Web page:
Township of Ocean Historical Museum
Copyright 2017 (C) Township of Ocean Historical Museum
Township of Ocean Historical Museum
Address: 703 Deal Road, Ocean, NJ 07712
Mailing: P.O. Box 516, Oakhurst, NJ 07755-0516
Sunset Avenue looking west at Vina Street in the late 1800's.
Deal Lake was not bridged at Sunset Avenue until the 1920's (left photo). That bridge was replaced by the George W. Rosenstiel Bridge, which currently spans Deal Lake at Sunset Avenue.
Logan Road in 1917 was a dirt road and well traveled. It was originally called Logantown Road because it was the only route to the section of Neptune then called Logantown. State Highway #35 had not yet been built.
Colonel George McClellan Harvey, built the residence that once stood on the corner of Roseld Avenue and Wickapecko Drive in 1903. Col. Harvey was born in Vermont in 1864. He served as managing editor of the New York World, editor of the Washington Post, and finally President of Harper Brothers Publishing. Under President Warren G. Harding, he was made Ambasssador to Great Britian. The home was later owned by Senator Richard Stout. The house was torn down in 2010.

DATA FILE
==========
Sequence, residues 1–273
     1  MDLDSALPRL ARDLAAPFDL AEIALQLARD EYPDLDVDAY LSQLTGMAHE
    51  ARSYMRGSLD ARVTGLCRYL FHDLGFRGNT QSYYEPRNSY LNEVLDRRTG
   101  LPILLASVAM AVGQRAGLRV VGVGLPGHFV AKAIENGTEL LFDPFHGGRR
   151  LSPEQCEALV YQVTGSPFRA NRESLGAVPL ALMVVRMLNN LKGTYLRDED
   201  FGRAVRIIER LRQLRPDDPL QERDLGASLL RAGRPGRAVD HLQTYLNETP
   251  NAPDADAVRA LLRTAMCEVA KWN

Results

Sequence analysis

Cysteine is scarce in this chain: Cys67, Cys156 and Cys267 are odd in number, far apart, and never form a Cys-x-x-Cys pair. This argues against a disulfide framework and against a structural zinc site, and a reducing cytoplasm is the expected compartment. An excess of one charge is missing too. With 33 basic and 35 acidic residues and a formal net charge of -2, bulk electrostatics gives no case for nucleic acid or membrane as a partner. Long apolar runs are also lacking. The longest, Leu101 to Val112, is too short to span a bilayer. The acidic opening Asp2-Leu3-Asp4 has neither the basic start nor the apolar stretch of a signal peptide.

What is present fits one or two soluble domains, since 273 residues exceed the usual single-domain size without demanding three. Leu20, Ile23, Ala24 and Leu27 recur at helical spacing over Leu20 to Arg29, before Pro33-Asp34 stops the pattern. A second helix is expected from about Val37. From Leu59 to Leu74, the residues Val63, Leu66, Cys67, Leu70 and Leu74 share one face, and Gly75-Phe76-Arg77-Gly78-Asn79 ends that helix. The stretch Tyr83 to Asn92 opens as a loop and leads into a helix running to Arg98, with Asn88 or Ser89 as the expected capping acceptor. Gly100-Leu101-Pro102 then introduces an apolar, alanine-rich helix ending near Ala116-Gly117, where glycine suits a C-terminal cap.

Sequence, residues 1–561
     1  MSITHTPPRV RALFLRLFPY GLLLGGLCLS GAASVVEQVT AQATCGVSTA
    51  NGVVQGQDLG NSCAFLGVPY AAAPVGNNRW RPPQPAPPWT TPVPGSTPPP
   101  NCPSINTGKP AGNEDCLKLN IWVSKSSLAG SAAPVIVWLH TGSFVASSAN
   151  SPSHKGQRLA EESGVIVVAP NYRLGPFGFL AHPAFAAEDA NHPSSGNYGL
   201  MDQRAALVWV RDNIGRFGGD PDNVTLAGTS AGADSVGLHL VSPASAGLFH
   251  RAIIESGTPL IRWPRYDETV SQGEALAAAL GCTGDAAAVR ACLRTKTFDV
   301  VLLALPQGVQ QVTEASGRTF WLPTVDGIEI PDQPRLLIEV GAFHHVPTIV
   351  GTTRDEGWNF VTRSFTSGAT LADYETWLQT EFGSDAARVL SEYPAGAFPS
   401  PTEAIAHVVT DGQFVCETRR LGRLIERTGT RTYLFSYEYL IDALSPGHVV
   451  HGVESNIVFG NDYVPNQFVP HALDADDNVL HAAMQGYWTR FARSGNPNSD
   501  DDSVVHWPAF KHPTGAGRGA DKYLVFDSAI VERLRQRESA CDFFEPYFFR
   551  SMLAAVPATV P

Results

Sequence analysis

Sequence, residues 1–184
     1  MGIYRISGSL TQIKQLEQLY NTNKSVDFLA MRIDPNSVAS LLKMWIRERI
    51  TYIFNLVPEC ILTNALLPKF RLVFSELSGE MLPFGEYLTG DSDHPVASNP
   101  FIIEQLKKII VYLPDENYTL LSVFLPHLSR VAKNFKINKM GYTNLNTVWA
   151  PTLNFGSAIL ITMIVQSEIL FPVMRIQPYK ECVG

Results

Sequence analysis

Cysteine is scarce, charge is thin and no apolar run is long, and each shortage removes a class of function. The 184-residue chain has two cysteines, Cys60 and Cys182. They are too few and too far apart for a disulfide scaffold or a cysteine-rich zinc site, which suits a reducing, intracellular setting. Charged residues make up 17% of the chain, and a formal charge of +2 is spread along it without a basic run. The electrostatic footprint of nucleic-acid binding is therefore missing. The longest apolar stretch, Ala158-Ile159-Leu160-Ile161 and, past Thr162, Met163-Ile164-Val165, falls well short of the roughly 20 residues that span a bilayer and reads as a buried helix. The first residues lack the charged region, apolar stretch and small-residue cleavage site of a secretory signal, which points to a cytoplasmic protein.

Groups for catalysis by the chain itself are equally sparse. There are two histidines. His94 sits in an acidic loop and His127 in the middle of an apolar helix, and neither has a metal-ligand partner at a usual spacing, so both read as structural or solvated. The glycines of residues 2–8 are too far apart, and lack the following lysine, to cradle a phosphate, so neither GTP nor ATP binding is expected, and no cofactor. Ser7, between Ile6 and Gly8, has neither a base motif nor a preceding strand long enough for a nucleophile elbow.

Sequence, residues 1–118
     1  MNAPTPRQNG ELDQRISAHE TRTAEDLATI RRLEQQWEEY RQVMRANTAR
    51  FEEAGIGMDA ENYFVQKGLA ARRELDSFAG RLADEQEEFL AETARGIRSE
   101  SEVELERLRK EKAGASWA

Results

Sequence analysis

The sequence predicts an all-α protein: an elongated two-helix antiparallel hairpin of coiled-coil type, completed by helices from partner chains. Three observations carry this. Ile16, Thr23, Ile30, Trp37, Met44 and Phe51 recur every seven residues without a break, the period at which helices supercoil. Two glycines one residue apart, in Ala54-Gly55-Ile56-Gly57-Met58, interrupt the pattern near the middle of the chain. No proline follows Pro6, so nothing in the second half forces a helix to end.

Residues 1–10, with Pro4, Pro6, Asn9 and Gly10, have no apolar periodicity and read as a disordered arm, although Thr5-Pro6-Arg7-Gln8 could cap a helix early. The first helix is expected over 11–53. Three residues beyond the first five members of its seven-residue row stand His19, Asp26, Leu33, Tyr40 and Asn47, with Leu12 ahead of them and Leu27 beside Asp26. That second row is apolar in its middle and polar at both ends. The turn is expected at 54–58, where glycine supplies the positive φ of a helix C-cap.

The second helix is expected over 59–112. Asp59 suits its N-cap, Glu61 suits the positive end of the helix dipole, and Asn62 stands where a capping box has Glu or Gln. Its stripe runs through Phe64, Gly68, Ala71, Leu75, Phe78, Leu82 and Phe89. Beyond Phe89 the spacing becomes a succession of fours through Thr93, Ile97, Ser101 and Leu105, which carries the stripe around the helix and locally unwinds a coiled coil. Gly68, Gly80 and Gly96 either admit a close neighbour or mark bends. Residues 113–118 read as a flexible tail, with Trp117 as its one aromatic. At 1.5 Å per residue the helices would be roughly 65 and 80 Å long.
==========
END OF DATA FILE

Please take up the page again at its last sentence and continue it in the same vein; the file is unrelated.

“Ivy Hedge” on Wickapecko Drive in Wanamassa was built by M.H. Harper, one of the Harper Brothers, who owned the Harper Brothers Publishing Company. It was later owned by James B. Regan, the owner of the Knickerbocker Hotel in New York City. In 1923, the property was sold to J. Lyle Kinmouth, editor and publisher of the Asbury Park Press. In the 1960’s, the property was converted to a school, and today is owned and operated by the Search Day Program School.
Jimmy De Forest was a professional boxing promoter and trainer who set up his training camp in West Allenhurst on the south side of Corlies Avenue,from 1900 to 1930. He trained such legendary boxers as Stanley Ketchel and Jack Dempsey. DeForest also trained: James J. Jeffries; Joe Gans; George Dixon; Joe Walcott; Kid McCoy; Tommy Ryan; Philadelphia Pal Moore; Jack Sharkey; and, Luis Angel Firpo. He also promoted the Harry Greb vs. Mickey Walker bout. DeForest also had an extensive collection of boxing memorabilia, much of which was lost in a house fire.
This image of the Wanamassa Park Hotel is taken from a post card dated August 1, 1907. The Hotel was located on the west side of Wickapecko Drive , at Ballard Drive. It later became locally famous as Wanamassa Gardens, a night club/bar/restaurant. It was demolished in 1966 and replaced by what is now an office building.
The Hotel West New York was located on Wanamassa Point Road at the intersection of Laurel Avenue on Deal Lake.
According to an 1889 map, this rustic setting on the banks of Deal Lake in Wanamassa was the location of a restaurant known as The Farm. In 1898, it was bought by the well known vaudevillian comedy team of Charlie Ross and Mabel Fenton and turned into a popular nightspot called the Ross Fenton Farm, which featured the biggest name in entertainment. In 1902, the comedy team resumed their career on the stage and leased the property. After the death of Ross in 1918, Mabel Fenton returned to run the business until her death in 1931. From 1931 until it burned in 1950, it had several owner.